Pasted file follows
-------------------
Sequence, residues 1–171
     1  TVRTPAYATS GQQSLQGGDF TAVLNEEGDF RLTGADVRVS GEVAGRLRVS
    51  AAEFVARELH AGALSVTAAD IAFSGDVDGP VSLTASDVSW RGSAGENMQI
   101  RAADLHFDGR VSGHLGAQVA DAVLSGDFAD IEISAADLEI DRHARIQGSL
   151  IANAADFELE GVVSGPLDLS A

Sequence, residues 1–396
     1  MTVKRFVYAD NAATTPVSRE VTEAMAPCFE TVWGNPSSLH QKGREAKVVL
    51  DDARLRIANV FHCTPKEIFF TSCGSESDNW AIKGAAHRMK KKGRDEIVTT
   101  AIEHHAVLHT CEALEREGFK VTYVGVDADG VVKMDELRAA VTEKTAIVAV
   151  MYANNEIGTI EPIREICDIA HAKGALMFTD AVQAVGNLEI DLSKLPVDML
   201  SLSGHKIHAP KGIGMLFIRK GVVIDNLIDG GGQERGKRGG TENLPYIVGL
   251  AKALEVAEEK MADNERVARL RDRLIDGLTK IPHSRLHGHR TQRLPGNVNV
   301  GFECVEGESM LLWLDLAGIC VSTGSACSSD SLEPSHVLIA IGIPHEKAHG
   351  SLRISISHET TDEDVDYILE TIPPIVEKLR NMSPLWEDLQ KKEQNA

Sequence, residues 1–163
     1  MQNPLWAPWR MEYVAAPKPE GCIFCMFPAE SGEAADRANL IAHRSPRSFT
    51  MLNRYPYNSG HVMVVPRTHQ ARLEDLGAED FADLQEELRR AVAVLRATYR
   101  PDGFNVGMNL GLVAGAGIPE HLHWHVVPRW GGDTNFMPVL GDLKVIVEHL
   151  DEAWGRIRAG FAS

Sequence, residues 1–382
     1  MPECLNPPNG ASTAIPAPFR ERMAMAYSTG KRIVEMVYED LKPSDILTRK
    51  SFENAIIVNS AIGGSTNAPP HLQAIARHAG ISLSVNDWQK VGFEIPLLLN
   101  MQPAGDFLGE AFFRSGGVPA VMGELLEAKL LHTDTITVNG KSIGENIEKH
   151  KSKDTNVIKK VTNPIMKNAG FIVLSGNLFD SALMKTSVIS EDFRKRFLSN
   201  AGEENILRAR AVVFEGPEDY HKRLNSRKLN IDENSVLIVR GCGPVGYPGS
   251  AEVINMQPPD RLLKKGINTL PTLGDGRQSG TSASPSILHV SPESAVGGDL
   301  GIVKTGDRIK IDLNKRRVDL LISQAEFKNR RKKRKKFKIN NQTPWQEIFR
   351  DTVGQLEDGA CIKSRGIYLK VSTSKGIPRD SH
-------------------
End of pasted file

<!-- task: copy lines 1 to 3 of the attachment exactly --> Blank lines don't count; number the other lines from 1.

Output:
Sequence, residues 1–171
     1  TVRTPAYATS GQQSLQGGDF TAVLNEEGDF RLTGADVRVS GEVAGRLRVS
    51  AAEFVARELH AGALSVTAAD IAFSGDVDGP VSLTASDVSW RGSAGENMQI